A bigger role for Canada providing the food for the world as heat rises
For Canada, most analysts and farmers believe the potential rewards of climate change will outweigh the risks – at least over the next 30 years.
But if heat keeps on rising and causes greater water shortages and crop failures, Canada could see a decrease in farm productivity by the end of the century, said agriculture official Jarvis.
For now, improvements in farm technology, drought-resistant crops and new harvesting methods mean farmers should be poised to ramp up production as temperatures warm.
“Canada could be playing a bigger role providing the food for the world as heat rises,” Jarvis said. “Other countries are going to be affected (by climate change) much worse than we are,” he said. “It’s not a really happy picture overall.”
Increasing wildlife habitat on agricultural land
Using data from the Census of Agriculture, wildlife habitat represented 30.2% of all agricultural land in Canada, accounting for 19.6 million hectares in 2011. Looking at individual census divisions, wildlife habitat ranged from less than 10% to more than 90% of agricultural land. Census divisions with more than 60% of agricultural land considered as wildlife habitat tended to be concentrated in the Atlantic provinces and British Columbia. However, Alberta and Saskatchewan, with 70.0% of agricultural land in Canada, reported the largest wildlife habitat areas at 7.3 million hectares and 5.8 million hectares, respectively.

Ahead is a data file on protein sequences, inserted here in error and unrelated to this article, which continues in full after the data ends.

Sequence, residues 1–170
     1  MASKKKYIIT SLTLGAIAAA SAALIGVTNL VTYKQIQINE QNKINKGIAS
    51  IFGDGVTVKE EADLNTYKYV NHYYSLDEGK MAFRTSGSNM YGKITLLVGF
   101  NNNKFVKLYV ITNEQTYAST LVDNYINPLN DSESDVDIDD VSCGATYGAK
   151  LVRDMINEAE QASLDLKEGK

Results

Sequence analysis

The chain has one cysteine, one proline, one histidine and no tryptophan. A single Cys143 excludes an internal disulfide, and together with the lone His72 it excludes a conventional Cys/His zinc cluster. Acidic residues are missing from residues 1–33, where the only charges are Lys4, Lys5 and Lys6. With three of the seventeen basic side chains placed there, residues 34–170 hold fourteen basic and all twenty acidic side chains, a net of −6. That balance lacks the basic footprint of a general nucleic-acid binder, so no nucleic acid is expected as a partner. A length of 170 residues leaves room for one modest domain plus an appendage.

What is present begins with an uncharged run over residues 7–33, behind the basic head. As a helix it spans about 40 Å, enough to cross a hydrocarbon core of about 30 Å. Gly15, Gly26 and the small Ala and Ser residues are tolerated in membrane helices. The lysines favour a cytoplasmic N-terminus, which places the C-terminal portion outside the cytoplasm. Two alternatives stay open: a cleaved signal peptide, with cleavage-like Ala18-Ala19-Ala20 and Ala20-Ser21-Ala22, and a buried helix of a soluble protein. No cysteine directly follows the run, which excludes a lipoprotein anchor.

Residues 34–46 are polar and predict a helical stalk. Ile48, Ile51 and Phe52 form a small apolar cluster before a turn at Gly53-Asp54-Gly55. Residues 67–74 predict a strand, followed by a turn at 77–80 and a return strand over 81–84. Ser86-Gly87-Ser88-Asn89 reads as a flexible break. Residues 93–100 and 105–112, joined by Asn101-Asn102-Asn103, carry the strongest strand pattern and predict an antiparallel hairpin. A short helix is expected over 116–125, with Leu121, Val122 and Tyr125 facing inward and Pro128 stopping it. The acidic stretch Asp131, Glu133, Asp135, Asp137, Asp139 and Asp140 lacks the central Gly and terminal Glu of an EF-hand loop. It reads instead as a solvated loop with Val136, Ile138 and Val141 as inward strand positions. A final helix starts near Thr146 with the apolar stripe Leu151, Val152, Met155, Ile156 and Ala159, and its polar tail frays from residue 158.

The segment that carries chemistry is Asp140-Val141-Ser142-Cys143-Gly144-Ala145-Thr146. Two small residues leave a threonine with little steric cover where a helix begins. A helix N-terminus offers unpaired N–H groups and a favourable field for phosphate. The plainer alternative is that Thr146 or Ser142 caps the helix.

The majority of wildlife habitat reported by Canadian farmers was natural land for pasture, which represented 22.7% of all agricultural land, and the remainder was woodlands and wetlands, which accounted for 7.6% of all agricultural land.
Natural land for pasture is largely found in western Canada, with Alberta reporting the most amount of natural pasture area in 2011 (6.4 million hectares), followed by Saskatchewan (4.8 million hectares), Manitoba (1.5 million hectares) and British Columbia (1.4 million hectares). British Columbia reported the largest area of natural land for pasture as a proportion of total agricultural land (53.1%).
Woodlands and wetlands represented a larger proportion of agricultural land in eastern Canada. More than 40% of agricultural land in the Atlantic provinces was reported as woodlands and wetlands in 2011. The next largest proportions were in Quebec (31.6 %) and Ontario (12.6%). In terms of total area, however, woodlands and wetlands were spread more evenly across the country. Quebec reported the largest area of woodland and wetland in 2011 (1.1 million hectares), followed by Saskatchewan (1.0 million hectares) and Alberta (0.9 million hectares).